Sex, hylomorphism, and women priests

Here I want to reply to Tom Osborne’s post from several weeks ago. In his post Tom argues that although the Church doesn’t permit the ordination of women, it is overly strong to claim that this is an ontological impossibility. He offers two reasons against this:

First, it does not seem impossible for Christ to have made a co-ed or all-female priesthood.  It may be inappropriate, but it seems hardly impossible.  It just didn't happen.

Second, suppose that a validly ordained man becomes a woman not through some sort of operation or sex-change, but some truly natural or supernatural process.  The identity of the individual would be the same.  The priesthood is permanent.  It seems then that there would be a woman priest.  It doesn't happen, but it isn't impossible. 

Of course, Tom isn’t calling for women’s ordination. That’s not the moral of the story. He’s simply pointing out what he takes to be problems with certain arguments against women’s ordination.

Be that as it may, I’m going to take issue with Tom’s second argument above.

On a hylomorphic account of the human person, i.e., an account that sees the human person as a unity of body and soul (or matter and soul), the person isn’t the body or the soul but the whole package. Furthermore, on this account, souls – the substantial forms of persons – are, so to speak, “fitted” to bodies. In other words, the apparently Platonic idea that there’s no necessary match between the kind of body and the kind of soul such that any soul could inhabit (a hylomorphist would say “actualize”) any body (e.g., my soul would be just as suitable for a whale’s body) is wrong.

I think the hylomorphic account of the human person is the right one. What does it imply about men and women as human persons? To me it appears to imply that the difference in male and female anatomy and biology, implies a difference in substantial form (not an essential one but either an accidental one or a difference that falls somewhere between essential and accidental). What I’m saying is that men and women have different souls. You can’t, then, have a female body with a male soul or vice-versa. Male and female souls are no more interchangeable than male and female bodies.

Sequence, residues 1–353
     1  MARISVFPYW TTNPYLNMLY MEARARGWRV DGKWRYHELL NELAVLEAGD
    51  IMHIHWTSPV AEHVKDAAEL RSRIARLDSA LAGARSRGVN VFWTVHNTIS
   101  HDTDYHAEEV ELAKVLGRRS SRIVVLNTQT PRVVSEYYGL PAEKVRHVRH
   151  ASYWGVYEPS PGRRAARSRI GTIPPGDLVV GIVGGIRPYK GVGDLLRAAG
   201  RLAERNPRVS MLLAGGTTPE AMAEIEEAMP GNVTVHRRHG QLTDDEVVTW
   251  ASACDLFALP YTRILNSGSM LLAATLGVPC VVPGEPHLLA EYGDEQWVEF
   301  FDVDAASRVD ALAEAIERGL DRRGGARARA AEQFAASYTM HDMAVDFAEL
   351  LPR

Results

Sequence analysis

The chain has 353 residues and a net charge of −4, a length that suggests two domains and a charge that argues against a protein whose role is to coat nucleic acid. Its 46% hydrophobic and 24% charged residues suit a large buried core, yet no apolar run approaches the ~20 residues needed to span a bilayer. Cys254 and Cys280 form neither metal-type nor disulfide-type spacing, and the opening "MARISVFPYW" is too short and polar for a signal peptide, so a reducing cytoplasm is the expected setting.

If I’m right about this, then sex isn’t just skin deep. The human person is a sexed being through and through. That means that I am a sexed being through and through. So, I can’t be a male at T1 and a female at T2. If I’m the person at T1, then I could never be the person at T2. Let’s call the person we have at T1, who is male, person A, and the person at T2, who is female, person B. Suppose that by some natural or supernatural occurrence (such as Tom speaks about in his post), A is in some sense transformed into B. On the account I’ve been proposing, the continuity between A and B couldn’t be a personal continuity unless we’re prepared to say goodbye to the PNC. It could only be, at most, a material continuity. The change wrought by the transformation would have to be a substantial rather than an accidental change.

In light of these considerations, I don’t see how, if A were an ordained priest, that A’s ordination could be transferred to B. It would be an ontological impossibility.

20 years later

On the 20th anniversary of Fides et ratio I have some thoughts on its vision for philosophy in an essay posted today at Catholic World Report.

It has just occurred to me that there’s a pretty big lacuna in my essay. One of the ultimate truths that is central to the encyclical is the nature of the human person. I don’t really say much about that. Maybe next time.

Could the Church Teach that Capital Punishment is Inherently Wrong? Steven Long Comments on John Finnis's Article

Thomistica here re-presents some comments of Professor Long in response to a two-part article of John Finnis' pertaining to the death penalty (see part one and part two).

There are two points on which I concur with Prof. Finnis's work published at The first is that the catechetical insert can only signify prudentially, a point that among others I argue in an essay that will soon be published. The second I would articulate by saying that the Catholic tradition is not Kantian regarding penalty, that is, that it may be the case that several distinct penalties may each suffice for retributive proportion, which accordingly must then be further prudentially differentiated in terms of their medicinal effects for the common good.